Longitudinal investigation of neurovascular dysregulation and capillary angiopathy in young people with diabetes
Adaptive optics (AO) retinal imaging now permits the spatial resolution to visualize the finest capillaries in the eye and the temporal resolution to observe passage of single red blood cells through the smallest arteriolar and venular retinal networks. A novel project thus emerges to characterize the neurovascular regulation of blood flow in early diabetes, before the formation of overt microaneurysms that characterize the earliest stages of diabetic retinopathy. Specifically, the project would seek to: 1) Document the genesis and evolution of intra-retinal microvascular anomalies at the cellular level in human subjects; 2) Test the hypothesis that normal and diabetic retinas differ with respect to local-scale neurovascular coupling in the smallest vessels; and 3) Test the hypothesis that mfERG waveform delays, in retinal areas appearing otherwise normal, are associated with altered function of microvascular regulation locally, and that both presage later structural sequelae.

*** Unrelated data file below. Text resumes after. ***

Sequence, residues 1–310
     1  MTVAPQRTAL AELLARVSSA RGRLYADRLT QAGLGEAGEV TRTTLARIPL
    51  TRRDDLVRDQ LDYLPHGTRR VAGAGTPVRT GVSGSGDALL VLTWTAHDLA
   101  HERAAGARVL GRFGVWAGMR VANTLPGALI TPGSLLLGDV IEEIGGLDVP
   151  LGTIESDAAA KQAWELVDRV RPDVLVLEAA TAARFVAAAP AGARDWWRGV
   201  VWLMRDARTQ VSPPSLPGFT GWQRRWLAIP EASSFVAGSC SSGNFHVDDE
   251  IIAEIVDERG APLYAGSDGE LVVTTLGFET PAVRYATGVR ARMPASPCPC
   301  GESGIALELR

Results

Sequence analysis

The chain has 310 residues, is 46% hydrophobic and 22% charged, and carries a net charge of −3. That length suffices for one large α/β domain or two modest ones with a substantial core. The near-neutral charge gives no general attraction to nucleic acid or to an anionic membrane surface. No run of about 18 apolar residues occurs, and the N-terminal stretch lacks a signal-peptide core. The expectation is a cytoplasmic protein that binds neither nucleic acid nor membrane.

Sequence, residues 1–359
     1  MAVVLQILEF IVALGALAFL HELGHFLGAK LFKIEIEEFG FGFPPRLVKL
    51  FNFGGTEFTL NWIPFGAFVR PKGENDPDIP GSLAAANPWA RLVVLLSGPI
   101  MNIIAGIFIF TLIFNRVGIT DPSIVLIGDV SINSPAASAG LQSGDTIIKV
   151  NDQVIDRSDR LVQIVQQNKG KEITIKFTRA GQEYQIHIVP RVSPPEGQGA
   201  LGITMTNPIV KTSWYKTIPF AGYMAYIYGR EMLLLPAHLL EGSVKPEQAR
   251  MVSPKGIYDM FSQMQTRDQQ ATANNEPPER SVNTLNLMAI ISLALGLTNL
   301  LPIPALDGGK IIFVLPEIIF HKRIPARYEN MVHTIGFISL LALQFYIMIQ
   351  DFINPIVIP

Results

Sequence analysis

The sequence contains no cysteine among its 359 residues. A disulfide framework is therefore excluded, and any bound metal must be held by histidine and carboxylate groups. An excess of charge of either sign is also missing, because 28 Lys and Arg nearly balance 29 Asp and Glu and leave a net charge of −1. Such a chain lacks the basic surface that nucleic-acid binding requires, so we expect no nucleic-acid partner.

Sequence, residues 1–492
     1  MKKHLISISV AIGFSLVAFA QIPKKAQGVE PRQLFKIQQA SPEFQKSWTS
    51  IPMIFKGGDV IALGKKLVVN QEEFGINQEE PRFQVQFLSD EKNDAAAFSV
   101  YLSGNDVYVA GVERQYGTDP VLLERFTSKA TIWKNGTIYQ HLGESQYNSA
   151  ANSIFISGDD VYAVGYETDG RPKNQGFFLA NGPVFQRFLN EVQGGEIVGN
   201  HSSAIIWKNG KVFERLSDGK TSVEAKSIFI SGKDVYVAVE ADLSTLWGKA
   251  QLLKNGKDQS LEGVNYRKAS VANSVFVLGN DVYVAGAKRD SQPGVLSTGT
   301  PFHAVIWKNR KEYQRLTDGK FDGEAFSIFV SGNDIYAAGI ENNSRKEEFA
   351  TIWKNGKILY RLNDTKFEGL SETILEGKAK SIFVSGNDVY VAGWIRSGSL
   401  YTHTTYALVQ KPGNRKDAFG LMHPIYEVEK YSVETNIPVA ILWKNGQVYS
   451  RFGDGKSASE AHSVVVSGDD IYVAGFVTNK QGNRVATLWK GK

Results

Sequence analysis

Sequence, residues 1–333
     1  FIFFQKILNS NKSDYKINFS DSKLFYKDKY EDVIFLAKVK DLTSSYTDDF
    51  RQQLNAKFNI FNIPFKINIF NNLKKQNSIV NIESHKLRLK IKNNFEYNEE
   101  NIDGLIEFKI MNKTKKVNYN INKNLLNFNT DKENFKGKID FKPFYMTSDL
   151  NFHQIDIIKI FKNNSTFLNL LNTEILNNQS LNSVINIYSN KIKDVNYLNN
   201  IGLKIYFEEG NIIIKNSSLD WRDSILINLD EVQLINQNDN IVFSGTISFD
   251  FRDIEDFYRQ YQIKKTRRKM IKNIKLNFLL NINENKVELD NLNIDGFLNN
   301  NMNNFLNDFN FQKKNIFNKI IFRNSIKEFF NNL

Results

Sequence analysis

Single frame examples of our Adaptive Optics (AO) retinal imaging: 1.5° inferior to the fovea.
Top: Two 'raw' frames from a movie acquired at 200 Hz. Yellow circles circles highlight the passage of a single red blood cell moving 6.5 µm leftward through a capillary segment over a 5 ms period (1.3 mm/s). The visibility of other red cells in the field demonstrates that overall flow rates and local haematocrit can also be calculated. White arrows: Evidence of leukostasis shown by slow passage of a larger white blood cell. Green circles highlight a lesion, presumed to be a retinal microcyst, too small and of insufficient contrast to be detected using ophthalmoscopy, photography or OCT. The lesion is sharply focused at the level of the capillaries; shifting focus to the cone photoreceptors blurs this lesion (bottom), confirming its inner retinal location. In a 6-month follow up, this lesion had disappeared. The natural history of this, and other diabetes-induced lesions such as microaneurysms and small haemorrhages, remains to be explored.
This research project is available to PhD students to join as part of their thesis.
Please contact the Research Group Leader to discuss your options.